The APOLLO 11 Story

It's a story that for many years was not circulated outside the inner circles of the U.S. Space Program: the Fisher Space Pen helped the original Moon-landing astronauts, Neil Armstrong and Edwin (Buzz) Aldrin get back to Earth.

When about to leave the moon, and the Astronauts were climbing back into the Lunar Module, the life support backpack on one of the astronauts brushed against the plastic arming switch and broke it. The switch was to have activated the LM's engines for the module's rendezvous with the mother spacecraft.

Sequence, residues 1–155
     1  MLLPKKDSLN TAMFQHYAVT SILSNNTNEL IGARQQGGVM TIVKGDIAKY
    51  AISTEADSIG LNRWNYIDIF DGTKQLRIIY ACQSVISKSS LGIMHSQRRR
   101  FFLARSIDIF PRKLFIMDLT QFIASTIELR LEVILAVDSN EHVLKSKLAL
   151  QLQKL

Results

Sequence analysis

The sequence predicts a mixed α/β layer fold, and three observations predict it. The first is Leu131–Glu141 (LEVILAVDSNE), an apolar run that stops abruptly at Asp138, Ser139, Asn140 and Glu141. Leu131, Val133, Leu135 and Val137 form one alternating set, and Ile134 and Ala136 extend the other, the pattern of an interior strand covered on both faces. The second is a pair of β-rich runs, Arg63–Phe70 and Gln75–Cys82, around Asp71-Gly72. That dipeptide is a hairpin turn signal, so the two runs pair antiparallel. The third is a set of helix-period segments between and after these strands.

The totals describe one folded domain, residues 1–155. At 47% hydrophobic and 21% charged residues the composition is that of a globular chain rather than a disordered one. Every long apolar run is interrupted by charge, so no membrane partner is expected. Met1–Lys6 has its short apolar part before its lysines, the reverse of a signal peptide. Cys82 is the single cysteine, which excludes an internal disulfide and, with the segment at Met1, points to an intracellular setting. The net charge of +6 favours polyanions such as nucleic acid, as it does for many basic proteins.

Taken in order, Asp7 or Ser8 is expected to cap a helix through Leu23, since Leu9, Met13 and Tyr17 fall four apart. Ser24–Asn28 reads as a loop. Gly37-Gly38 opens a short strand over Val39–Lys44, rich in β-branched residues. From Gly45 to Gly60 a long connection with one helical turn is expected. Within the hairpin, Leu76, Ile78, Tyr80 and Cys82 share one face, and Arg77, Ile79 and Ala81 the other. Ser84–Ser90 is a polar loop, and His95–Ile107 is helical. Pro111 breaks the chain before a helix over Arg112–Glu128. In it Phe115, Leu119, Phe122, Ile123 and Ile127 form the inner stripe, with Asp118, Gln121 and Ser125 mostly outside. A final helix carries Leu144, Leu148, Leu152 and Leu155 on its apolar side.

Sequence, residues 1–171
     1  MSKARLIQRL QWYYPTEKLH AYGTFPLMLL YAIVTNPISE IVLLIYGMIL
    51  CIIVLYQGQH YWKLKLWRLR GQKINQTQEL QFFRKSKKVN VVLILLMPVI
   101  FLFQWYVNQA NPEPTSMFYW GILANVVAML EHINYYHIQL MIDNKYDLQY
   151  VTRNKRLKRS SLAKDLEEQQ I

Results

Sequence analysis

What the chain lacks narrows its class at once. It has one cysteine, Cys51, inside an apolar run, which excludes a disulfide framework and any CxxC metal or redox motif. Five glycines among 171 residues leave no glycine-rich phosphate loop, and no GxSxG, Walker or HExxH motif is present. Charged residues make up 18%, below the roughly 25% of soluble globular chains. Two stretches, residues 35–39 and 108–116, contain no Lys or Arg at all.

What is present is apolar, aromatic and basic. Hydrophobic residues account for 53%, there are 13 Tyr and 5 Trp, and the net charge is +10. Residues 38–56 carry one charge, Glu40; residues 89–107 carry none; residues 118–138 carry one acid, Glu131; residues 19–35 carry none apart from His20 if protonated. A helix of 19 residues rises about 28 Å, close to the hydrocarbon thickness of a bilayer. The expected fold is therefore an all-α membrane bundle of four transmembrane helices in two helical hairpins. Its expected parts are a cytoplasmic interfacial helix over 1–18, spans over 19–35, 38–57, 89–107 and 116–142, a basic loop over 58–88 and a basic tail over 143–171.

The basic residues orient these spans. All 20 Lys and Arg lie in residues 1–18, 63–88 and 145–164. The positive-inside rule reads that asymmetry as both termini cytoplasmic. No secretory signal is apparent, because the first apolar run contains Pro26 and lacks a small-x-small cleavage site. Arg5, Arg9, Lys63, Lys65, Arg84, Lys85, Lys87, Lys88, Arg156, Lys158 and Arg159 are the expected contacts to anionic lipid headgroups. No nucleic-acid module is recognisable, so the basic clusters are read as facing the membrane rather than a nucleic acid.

Aldrin informed Houston's Space Center by radio.  A Scientist went to work on the problem immediately by breaking the plastic switch on a duplicate module and then studying the possibility of reaching a tiny metal strip inside the switch. The strip had to be flipped over to one side to activate the LM engine, but Ground Control knew the Astronauts had dispensed with practically all tools in the interest of less weight. But they still had their Space Pens, and so were advised to retract the point and use the hollow end of the pen to activate the inside switch. Aldrin then used his Space Pen to flick the switch; lifting Neil Armstrong and Buzz Aldrin safely off the moon.